Run a Fast Unifrac community analysisΒΆ

Section author: Justin Kuczynski

Below is a simple example of using the fast unifrac function.

first we import some tools

>>> from cogent.parse.tree import DndParser
>>> from cogent.maths.unifrac.fast_unifrac import fast_unifrac
>>> from cogent.maths.unifrac.fast_tree import UniFracTreeNode

then we make a small example tree with tips B, C, D representing the relationship between species B, C, and D

>>> tree_str = "(B:0.2,(C:0.3,D:0.4)E:0.6)F;"
>>> tr = DndParser(tree_str, UniFracTreeNode)
>>> print tr.asciiArt() 
          /-B
-F-------|
         |          /-C
          \E-------|
                    \-D

here’s what the sample (rows) by sequence (cols) abundance matrix looks like:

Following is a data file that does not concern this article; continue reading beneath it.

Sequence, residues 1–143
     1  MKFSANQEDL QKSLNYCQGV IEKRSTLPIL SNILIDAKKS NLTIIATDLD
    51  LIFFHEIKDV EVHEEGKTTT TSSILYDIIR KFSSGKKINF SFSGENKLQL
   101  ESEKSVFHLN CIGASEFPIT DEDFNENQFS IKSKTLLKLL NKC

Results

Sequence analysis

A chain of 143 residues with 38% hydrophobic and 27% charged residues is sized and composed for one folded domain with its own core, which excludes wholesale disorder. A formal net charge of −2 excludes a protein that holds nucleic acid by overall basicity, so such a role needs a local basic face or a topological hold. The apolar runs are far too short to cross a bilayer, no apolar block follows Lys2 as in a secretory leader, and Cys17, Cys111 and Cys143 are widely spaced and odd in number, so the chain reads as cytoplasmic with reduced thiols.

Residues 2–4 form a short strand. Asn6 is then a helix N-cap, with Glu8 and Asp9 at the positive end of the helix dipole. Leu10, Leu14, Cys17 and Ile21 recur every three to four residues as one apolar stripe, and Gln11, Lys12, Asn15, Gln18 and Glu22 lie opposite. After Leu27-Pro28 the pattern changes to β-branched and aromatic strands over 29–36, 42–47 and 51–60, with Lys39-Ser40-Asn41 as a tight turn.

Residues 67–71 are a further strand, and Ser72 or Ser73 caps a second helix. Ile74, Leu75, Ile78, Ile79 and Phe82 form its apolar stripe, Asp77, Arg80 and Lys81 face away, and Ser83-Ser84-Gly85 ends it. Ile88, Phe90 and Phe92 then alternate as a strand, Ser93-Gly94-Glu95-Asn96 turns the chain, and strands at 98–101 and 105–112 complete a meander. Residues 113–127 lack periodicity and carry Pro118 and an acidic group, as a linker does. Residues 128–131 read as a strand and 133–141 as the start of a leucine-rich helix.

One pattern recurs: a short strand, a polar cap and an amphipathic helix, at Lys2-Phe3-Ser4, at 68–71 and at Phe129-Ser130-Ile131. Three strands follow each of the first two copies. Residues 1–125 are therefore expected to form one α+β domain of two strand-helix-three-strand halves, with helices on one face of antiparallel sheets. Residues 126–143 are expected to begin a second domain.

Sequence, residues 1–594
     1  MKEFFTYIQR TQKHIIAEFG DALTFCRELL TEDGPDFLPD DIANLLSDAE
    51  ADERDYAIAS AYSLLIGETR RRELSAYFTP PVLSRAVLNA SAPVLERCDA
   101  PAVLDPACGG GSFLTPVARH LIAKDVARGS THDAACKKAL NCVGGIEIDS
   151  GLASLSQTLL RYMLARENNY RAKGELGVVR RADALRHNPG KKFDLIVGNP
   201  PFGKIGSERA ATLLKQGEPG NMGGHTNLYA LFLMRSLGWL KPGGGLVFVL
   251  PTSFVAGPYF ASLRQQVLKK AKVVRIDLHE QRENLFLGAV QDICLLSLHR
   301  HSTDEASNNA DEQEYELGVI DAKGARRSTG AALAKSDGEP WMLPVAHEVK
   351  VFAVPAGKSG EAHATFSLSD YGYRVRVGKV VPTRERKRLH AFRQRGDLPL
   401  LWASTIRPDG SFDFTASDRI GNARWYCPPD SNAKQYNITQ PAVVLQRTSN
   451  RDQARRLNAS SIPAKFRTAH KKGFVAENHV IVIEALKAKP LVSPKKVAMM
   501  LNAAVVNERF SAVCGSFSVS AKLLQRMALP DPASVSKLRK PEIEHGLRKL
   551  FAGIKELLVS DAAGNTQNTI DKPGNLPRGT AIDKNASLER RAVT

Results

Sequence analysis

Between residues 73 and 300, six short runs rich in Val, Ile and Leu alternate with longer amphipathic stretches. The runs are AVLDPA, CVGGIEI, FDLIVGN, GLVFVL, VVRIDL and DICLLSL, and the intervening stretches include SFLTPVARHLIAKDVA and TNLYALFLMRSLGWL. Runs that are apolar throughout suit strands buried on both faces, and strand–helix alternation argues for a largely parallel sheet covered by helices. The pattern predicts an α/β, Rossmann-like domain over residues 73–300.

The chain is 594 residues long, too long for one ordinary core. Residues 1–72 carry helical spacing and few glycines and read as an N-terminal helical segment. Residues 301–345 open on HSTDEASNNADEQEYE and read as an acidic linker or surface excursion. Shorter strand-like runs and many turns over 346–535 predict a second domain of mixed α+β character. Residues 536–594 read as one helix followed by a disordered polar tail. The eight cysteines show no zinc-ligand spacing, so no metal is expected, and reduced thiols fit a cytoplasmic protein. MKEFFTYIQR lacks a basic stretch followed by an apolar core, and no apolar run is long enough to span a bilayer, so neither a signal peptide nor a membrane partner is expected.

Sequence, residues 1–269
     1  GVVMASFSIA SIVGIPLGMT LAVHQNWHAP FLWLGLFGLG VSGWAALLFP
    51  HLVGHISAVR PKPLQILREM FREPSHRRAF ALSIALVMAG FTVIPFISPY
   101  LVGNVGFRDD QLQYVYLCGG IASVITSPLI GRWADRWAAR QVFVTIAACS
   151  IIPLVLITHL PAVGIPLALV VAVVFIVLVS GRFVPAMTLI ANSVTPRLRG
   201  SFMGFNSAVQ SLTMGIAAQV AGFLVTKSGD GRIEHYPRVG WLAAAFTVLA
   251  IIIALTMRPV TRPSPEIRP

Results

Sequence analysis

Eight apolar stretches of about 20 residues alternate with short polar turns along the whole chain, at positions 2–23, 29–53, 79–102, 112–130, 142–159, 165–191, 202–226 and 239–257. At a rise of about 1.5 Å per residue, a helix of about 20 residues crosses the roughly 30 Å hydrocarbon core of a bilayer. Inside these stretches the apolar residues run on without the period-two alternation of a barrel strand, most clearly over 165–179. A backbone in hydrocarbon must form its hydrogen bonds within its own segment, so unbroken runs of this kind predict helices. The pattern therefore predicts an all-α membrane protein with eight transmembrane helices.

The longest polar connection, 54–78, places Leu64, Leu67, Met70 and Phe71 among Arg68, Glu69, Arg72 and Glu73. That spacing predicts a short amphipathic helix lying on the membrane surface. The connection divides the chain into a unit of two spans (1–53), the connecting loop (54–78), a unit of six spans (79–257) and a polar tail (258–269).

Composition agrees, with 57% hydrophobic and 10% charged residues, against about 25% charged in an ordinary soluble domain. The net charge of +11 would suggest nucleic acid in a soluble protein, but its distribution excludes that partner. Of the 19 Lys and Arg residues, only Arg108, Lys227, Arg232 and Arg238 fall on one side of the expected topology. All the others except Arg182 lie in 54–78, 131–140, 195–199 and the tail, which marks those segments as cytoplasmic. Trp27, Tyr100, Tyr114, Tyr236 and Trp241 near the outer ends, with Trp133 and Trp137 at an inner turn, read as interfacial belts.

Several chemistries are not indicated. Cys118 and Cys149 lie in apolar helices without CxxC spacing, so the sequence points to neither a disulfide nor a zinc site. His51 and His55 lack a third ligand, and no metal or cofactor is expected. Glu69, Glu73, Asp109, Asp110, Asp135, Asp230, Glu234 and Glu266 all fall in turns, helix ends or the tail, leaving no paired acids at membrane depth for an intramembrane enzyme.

...    [10,11,0]
...    [2,0,9]
...    [2,2,2]

and here it is in dict format for unifrac

>>> envs = {'B':{'sample1':10, 'sample2':2, 'sample3':2},
...        'C':{'sample1':11,'sample2':0, 'sample3':2},
...        'D':{'sample1':0, 'sample2':9, 'sample3':2}
...        }

now we run unifrac:

>>> res = fast_unifrac(tr, envs)
>>> print res['distance_matrix'] 

(array([[ 0.        ,  0.46666667,  0.26666667],
       [ 0.46666667,  0.        ,  0.2       ],
       [ 0.26666667,  0.2       ,  0.        ]]),
       ['sample1', 'sample2', 'sample3'])

the pcoa results are misleading for such a small dataset, but the distance matrix is accurate